Thank you for purchasing the Smart Wireless 3 Axis Accelerometer Sensor. We pride ourselves on producing high quality products that meet with the demands of the busy classroom environment. If you have any problems using this sensor, please read this documentation in full before contacting the Data Harvest support team.
The Wireless Smart 3 Axis Accelerometer Sensor is USB and Bluetooth compatible. Using Bluetooth, a sensor can connect to mobile devices, tablets, laptops, and desktops.
The Accelerometer consists of acceleration sensing circuits set at right angles to each other, each measuring acceleration along one axis.
The sensor element is a capacitive device. A central mass is held static while suspended interleaved plates are free to move relative to this mass. The result is that any movement will create a change in position of the suspended element relative to the static mass, this changes the capacitance. The change in capacitance is proportional to the force – acceleration.
With a wireless sensor any connection back to the recording device will not suffer from problems of tangled wires.
An accelerometer is an electromechanical device that will measure acceleration forces. These forces may be static, like the constant force of gravity pulling at your feet, or dynamic - caused by moving or vibrating the accelerometer. It is able to detect the magnitude and direction of the acceleration. Accelerometers are common devices but are usually unseen and unnoticed.
- A modern car’s airbag system uses acceleration sensors to determine the trigger point for release.
- Seat belt tensioners in a car are often triggered by accelerometers.
- Portable computing devices e.g. laptop computers, use accelerometers to lock hard drives if the computer is dropped.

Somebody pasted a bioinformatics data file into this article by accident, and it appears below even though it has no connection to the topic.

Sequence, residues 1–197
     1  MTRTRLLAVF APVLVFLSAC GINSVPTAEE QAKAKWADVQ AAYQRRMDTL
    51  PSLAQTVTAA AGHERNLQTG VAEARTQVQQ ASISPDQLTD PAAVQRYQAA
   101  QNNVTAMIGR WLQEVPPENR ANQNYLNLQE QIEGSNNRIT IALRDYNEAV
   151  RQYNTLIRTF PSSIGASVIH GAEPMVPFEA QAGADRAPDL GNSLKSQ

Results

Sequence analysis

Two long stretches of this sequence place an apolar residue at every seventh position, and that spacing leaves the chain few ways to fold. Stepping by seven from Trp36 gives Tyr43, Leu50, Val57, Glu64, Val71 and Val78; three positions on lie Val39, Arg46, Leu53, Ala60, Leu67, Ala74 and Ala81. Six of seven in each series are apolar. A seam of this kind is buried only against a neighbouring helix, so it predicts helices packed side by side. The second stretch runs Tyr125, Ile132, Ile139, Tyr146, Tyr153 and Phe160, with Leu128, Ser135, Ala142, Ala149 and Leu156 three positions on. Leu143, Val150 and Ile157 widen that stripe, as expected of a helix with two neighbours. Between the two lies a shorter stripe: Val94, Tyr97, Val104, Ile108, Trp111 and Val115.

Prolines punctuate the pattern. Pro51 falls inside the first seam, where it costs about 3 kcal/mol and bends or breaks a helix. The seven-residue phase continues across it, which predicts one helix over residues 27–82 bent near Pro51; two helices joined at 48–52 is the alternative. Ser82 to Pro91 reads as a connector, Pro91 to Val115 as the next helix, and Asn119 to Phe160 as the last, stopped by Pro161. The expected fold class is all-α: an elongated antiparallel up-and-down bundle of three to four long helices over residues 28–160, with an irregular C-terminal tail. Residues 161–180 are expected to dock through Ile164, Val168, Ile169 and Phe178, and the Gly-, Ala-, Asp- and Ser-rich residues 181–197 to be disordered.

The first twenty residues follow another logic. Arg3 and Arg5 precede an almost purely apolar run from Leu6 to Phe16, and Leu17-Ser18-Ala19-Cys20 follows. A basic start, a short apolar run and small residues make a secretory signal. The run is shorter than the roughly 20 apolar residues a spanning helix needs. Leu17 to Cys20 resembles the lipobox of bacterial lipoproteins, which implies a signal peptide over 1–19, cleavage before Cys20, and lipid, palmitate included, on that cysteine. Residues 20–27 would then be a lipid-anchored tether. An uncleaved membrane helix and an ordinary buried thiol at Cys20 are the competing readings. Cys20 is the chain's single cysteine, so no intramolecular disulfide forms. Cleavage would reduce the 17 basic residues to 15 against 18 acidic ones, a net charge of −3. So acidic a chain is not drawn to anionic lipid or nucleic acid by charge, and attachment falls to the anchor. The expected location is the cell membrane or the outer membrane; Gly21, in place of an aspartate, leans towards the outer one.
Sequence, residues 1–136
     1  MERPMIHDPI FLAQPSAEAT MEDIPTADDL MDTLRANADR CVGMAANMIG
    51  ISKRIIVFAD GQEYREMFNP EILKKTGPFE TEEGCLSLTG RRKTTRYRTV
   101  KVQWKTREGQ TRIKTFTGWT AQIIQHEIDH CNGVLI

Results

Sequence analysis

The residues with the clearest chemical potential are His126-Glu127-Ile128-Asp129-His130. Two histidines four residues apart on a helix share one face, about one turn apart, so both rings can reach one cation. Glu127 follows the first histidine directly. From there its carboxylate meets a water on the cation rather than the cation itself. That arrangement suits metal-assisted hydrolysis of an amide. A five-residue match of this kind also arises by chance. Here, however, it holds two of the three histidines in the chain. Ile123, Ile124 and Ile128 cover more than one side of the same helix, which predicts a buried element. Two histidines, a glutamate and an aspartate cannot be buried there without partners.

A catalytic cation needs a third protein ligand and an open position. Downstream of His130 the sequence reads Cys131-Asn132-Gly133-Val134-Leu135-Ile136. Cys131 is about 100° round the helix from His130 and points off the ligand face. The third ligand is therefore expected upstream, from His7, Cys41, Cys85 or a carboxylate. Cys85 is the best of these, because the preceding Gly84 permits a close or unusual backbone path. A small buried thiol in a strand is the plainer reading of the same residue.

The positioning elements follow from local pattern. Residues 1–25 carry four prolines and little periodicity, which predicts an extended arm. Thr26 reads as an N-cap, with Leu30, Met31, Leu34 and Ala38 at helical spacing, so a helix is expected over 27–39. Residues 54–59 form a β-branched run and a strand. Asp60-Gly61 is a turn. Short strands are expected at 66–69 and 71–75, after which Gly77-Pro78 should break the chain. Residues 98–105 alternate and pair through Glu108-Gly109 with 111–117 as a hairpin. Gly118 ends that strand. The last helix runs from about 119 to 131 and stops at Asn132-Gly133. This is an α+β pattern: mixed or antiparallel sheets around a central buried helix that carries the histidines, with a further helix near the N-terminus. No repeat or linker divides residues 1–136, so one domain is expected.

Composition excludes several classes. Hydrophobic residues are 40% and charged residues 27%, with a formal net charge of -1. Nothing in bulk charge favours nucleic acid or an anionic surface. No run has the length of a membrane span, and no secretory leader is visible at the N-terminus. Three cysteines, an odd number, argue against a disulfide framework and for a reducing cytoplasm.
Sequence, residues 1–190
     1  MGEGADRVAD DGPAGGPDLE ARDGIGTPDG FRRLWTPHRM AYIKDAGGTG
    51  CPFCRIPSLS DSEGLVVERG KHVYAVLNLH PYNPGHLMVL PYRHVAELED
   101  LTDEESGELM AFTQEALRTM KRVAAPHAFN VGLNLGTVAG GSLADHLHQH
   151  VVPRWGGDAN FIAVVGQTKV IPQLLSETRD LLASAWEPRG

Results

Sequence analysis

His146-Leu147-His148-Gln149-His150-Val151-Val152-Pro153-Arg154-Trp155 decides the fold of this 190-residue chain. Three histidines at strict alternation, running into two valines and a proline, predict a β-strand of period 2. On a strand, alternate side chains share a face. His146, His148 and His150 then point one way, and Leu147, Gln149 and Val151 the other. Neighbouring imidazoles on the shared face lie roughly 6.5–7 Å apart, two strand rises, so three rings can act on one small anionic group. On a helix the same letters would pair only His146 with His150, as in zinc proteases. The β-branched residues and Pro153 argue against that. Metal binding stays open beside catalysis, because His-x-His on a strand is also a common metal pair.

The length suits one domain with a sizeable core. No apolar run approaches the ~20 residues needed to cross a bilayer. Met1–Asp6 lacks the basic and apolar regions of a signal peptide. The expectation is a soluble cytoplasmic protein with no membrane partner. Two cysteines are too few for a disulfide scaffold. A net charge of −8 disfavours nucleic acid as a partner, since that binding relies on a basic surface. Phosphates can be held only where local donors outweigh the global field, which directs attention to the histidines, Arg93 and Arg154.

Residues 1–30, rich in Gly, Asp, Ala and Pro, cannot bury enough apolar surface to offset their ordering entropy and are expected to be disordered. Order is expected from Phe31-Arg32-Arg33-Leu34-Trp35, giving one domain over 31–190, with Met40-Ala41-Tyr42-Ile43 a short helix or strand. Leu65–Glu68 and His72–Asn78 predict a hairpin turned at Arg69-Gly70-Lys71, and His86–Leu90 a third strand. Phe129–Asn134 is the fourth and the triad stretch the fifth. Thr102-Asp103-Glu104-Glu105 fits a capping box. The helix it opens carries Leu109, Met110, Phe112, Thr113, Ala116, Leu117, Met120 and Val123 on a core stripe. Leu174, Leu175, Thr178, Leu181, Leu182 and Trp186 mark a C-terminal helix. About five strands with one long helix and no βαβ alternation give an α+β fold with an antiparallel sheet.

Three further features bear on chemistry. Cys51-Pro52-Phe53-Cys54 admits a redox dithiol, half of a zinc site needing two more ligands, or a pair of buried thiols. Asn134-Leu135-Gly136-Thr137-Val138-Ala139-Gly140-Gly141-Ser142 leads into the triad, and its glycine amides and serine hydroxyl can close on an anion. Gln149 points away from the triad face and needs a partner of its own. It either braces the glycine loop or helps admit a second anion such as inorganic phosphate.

- Mobile phones use an accelerometer to determine the orientation of the screen and to adjust the screen resolution and mode.
- Gaming consoles use accelerometers in the hand controllers.
- As an accelerometer can be used to measure vibration, it can be used to detect the change in vibration signature of a machine as it starts to fail e.g. a motor bearing has a characteristic vibration pattern, smooth and quiet when in good order, gradually getting rougher and noisier as it wears out.
An accelerometer does not measure gravity - it measures the component of "total acceleration minus gravity" along its input axis as "non-gravitational" acceleration (the acceleration it experiences relative to freefall).
The term 'g - force' is normally used as shorthand to describe the force acting on a moving object relative to the force felt by an accelerating object at the earth’s surface. It is not an SI unit; it is used to express the relative force experienced. To convert to a correct SI unit all g values should be multiplied by 9.81 to give the ms-2 value.
Astronauts, fighter pilots, and racing drivers are often said to experience a force of so many 'g' when performing a particular manoeuvre. This force is rarely gravitational as it’s a rocket, jet, or combustion engine that provides the force needed to accelerate e.g. when a pilot changes speed or direction, or a racing driver goes around a corner. The effect of high acceleration on humans can be significant as most will lose consciousness if subjected to a sustained acceleration of between 5 to 7 g. This effect is only felt if the acceleration is sustained, i.e. jumping onto a hard floor can produce a deceleration of many g but only for a fraction of a second.